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United States v. Rietzke

February 04, 2002

UNITED STATES OF AMERICA, PLAINTIFF-APPELLEE
v.
JOHN C. RIETZKE, DEFENDANT-APPELLANT



Appeal from the United States District Court for the Eastern District of Wisconsin. No. 00-CR-88--Rudolph T. Randa, Judge.

Before Harlington Wood, Jr., Coffey, and Easterbrook, Circuit Judges.

The opinion of the court was delivered by: Coffey, Circuit Judge

Argued October 24, 2001

John Rietzke, a federally licensed firearms dealer, operated Grassel's Guns in Greenfield, Wisconsin, and was arrested after selling guns to a convicted felon thru a straw purchaser, an undercover agent of the Bureau of Alcohol, Tobacco, and Firearms (ATF). Rietzke pleaded guilty to one count of "willfully fail[ing] to keep records of the name, age and place of residence of" the person to whom he had sold or delivered a firearm, contrary to 18 U.S.C. sec. 922(b)(5) & 18 U.S.C. sec. 924(a)(1)(D). In his plea agreement Rietzke preserved the right to appeal the trial judge's decision to convict and sentence him under the statute's felony provision instead of its misdemeanor pro vision, which he contends was created for the purpose of treating licensed firearms dealers more leniently, and he now so appeals. We affirm.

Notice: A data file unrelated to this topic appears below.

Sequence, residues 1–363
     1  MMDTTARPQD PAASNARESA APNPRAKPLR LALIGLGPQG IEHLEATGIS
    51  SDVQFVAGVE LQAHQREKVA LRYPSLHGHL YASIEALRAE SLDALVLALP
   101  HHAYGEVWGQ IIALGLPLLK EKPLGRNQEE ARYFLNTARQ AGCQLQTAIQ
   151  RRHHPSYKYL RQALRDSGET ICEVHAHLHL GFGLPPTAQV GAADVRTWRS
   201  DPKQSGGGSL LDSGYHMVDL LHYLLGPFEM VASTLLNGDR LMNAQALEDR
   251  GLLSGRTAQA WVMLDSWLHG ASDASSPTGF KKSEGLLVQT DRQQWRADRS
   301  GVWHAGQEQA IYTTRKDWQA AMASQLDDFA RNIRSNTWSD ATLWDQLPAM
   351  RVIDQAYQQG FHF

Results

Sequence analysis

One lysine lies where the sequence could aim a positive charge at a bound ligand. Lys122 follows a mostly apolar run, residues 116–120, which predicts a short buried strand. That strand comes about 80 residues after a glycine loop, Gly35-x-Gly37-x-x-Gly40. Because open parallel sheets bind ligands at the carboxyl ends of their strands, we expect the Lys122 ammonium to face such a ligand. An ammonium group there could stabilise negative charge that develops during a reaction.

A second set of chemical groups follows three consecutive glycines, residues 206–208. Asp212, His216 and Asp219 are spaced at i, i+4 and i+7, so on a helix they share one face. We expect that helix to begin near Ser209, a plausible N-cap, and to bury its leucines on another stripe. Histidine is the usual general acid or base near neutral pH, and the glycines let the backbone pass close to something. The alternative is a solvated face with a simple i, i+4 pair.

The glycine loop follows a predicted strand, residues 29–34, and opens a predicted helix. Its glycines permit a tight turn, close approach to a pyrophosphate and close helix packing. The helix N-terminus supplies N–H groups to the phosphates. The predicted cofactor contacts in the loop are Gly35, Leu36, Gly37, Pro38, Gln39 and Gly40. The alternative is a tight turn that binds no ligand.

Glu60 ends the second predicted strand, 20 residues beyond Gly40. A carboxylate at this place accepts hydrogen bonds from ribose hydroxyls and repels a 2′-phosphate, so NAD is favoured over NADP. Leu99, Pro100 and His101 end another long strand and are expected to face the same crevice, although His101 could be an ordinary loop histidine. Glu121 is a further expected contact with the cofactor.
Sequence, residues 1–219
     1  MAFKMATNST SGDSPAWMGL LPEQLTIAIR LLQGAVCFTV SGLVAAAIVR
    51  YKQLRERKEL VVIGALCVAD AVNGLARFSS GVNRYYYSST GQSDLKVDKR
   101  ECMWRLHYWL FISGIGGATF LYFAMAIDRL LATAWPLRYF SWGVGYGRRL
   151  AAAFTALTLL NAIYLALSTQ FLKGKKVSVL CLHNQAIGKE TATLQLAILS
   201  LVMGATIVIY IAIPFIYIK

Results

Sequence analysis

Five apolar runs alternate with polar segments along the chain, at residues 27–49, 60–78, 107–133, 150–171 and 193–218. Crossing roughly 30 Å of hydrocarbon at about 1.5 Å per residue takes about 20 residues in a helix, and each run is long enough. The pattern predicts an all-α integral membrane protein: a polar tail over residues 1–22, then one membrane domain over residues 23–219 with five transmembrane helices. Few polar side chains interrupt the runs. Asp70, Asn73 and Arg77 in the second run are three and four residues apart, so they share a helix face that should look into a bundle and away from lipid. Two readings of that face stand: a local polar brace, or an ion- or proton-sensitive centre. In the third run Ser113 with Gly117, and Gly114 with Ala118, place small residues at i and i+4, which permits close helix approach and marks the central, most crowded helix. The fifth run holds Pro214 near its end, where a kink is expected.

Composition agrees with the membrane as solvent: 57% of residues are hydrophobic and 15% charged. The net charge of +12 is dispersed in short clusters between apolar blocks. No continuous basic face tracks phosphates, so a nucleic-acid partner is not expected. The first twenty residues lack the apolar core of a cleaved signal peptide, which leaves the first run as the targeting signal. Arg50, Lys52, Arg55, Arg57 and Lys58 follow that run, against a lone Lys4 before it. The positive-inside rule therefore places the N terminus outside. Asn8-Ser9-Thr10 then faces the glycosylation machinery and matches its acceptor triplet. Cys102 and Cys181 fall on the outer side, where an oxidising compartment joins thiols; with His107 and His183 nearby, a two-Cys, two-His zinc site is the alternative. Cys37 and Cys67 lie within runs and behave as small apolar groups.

I. Factual Background

John Rietzke, a federally licensed firearms dealer, operated Grassel's Guns in Greenfield, Wisconsin. The Bureau of Alcohol, Tobacco and Firearms (ATF) began investigating Rietzke after receiving information from a cooperating witness, Mitchell Critton, that Rietzke had been violating federal firearms laws. Critton told ATF agents that Rietzke had sold firearms to him several years before, despite knowing that Critton was a convicted felon. Critton told the agents that he and Rietzke accomplished the earlier sale through the use of a "straw purchaser," someone who acts as an agent or intermediary for another who is ineligible to purchase the firearms directly.

On December 3, 1999, ATF sent Critton to Rietzke's store in order that he might negotiate a firearms purchase using a straw purchaser. Rietzke recognized Critton from their prior dealings, and Critton reminded Rietzke of his felony record. Critton then inquired of Rietzke as to whether he could purchase a Beretta pistol, if he could arrange to use his girlfriend as a straw purchaser. Rietzke agreed to the arrangement and commented that he could not sell guns directly to Critton.

On December 14, 1999, Critton returned to Grassel's Guns along with Robin Broeske, an undercover ATF agent posing as his girlfriend. Critton and Rietzke discussed the purchase price of the gun that Critton desired, and Rietzke produced the appropriate ATF paperwork for Broeske to complete. Rietzke specifically instructed Broeske to answer all the questions on the Handgun Hotline form with a "yes," meaning that she was eligible to purchase weapons. Broeske completed the paperwork using the name "Bobbie Day," her undercover name, and Critton handed Rietzke $720 for the purchase, leaving a small balance to be paid when he took possession of the gun after the federally mandated waiting period.